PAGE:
Sunday, August 9, 2020

US passes sanctions over Hong Kong law

World

Riot police officers walk as anti-national security law protesters march during the anniversary of Hong Kong's handover to China from Britain, in Hong Kong, China July 1, 2020. REUTERS/Tyrone Siu REFILE - CORRECTING YEAR

Washington: US legislators have approved new Hong Kong-related sanctions, after Beijing imposed a security law that has been widely condemned across the world.

The US measure, which penalises banks which do business with Chinese officials, was passed unanimously by both the House and the Senate.

It has been sent to President Donald Trump to sign into law.

Critics say China’s law ends freedoms guaranteed for 50 years after British rule ended in Hong Kong in 1997.

US Vice President Mike Pence said the new law was a betrayal of the Sino-British agreement on Hong Kong’s future after it returned to Chinese rule in 1997.

“The national security law that China passed and now is imposing on Hong Kong is a betrayal of the international agreement that they signed, and ultimately it’s unacceptable to freedom-loving people around the world,” he said.

“The law is a brutal, sweeping crackdown against the people of Hong Kong, intended to destroy the freedoms they were promised,” said House Speaker Nancy Pelosi.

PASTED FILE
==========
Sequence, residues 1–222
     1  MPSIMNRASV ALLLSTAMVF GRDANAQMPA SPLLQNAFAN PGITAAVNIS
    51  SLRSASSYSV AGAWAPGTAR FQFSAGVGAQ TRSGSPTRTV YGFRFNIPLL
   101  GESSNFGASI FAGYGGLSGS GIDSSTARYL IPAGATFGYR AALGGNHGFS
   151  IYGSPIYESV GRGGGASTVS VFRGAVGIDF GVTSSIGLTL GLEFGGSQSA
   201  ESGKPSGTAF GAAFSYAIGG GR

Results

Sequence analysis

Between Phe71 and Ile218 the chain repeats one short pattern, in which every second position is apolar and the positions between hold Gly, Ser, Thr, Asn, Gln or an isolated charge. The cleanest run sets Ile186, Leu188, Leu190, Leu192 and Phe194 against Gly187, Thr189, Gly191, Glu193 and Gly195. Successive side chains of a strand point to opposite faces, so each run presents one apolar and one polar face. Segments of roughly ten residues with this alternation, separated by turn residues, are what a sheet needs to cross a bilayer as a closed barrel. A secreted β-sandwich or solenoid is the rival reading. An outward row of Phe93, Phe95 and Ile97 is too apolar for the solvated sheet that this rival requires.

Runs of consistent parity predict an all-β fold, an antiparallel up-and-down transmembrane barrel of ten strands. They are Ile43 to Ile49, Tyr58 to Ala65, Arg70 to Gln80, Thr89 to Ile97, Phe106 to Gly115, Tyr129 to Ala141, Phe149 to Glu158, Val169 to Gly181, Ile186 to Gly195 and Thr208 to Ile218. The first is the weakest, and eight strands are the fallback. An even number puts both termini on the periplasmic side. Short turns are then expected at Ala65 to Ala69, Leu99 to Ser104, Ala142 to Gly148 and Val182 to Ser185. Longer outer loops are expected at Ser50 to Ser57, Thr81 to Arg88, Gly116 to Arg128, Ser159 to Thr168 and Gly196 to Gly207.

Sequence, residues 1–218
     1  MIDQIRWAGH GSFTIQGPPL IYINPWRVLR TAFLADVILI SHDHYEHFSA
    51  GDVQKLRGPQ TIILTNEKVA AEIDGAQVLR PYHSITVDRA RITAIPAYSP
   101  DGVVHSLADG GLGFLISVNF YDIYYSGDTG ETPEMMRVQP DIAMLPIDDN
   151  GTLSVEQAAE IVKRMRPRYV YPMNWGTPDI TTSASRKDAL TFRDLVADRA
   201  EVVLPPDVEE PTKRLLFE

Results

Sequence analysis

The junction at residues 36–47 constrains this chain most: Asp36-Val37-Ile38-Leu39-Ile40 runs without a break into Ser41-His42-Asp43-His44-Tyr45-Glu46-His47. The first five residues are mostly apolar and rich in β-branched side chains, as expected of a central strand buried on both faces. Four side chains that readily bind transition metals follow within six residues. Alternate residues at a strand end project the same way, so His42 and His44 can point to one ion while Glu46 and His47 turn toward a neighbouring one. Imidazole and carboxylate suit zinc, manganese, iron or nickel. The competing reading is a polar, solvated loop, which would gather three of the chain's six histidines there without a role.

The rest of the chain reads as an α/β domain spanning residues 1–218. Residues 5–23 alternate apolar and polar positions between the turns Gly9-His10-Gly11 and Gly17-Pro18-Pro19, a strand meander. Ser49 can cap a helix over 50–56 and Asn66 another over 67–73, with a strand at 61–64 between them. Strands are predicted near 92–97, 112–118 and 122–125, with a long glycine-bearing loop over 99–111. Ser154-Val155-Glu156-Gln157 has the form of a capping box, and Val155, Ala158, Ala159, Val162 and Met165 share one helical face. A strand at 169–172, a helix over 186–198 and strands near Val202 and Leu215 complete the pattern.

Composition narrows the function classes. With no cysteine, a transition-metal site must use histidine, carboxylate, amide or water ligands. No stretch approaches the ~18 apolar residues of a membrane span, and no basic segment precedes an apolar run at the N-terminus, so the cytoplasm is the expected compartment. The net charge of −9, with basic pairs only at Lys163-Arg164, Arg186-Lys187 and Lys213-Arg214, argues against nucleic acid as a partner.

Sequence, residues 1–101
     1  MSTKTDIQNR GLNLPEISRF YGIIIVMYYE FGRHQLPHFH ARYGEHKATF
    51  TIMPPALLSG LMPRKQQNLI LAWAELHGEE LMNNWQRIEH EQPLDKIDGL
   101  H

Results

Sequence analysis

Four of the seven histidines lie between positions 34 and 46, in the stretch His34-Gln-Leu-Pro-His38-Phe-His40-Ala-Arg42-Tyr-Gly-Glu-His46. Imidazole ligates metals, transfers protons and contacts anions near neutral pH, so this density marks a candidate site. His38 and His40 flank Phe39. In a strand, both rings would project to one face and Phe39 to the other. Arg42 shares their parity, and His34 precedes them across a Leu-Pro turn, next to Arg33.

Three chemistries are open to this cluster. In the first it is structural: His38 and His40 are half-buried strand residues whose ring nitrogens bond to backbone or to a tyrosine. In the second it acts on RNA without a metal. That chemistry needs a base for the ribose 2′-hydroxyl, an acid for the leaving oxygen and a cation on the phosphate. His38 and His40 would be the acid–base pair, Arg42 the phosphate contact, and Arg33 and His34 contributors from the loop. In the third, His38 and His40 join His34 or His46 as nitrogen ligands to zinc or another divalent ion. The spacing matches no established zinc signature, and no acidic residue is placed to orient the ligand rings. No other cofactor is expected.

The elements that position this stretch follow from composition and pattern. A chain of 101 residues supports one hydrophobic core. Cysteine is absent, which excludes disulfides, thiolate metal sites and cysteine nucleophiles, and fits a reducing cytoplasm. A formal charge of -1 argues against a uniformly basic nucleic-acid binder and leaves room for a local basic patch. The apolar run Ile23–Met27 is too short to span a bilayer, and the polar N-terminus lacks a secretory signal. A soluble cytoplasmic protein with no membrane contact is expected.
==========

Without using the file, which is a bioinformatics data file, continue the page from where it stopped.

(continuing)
UK Prime Minister Boris Johnson said the passing of the law was a “clear and serious breach” of the 1985 Sino-British joint declaration.

Under this declaration, Hong Kong was handed back to China in 1997, with certain freedoms guaranteed for at least 50 years under the “one country, two systems” agreement.

The UK has offered residency, and then citizenship, to up to three million Hong Kongers.

But yesterday China threatened “corresponding measures” to block the citizenship plan.

“If the British side makes unilateral changes to the relevant practice, it will breach its own position and pledges, as well as international law and basic norms,” said the Chinese Embassy in the UK.

Australia is also “actively considering” offering safe haven to Hong Kong residents – with Prime Minister Scott Morrison saying there were proposals that will “soon be considered by cabinet”.

Meanwhile, a 24-year-old man from Hong Kong – suspected of stabbing a police officer during Wednesday’s protests – has been arrested on a plane while trying to flee to London.

The suspect, known only as Mr Wong, was detained on the plane moments before it set off.

China said the security law was necessary to stop the type of protests seen in Hong Kong during much of 2019.

And despite widespread international condemnation from leading powers, more than 50 countries, led by Cuba, supported China at the UN this week.

Banks

The Hong Kong Autonomy Act imposes sanctions on banks that do business with Chinese officials who are involved in cracking down on pro-democracy protesters in Hong Kong.

Ms Pelosi said the law was an “urgently needed response to (China’s passing) of its so-called ‘national security’ law... which is purpose built to dismantle democratic freedoms in Hong Kong”.

Before the bill was signed, the US had already begun eliminating Hong Kong’s special status – halting defence exports and restricting the territory’s access to high-technology products.

Last year, the US also signed into law the Human Rights and Democracy Act, supporting pro-democracy protesters in Hong Kong.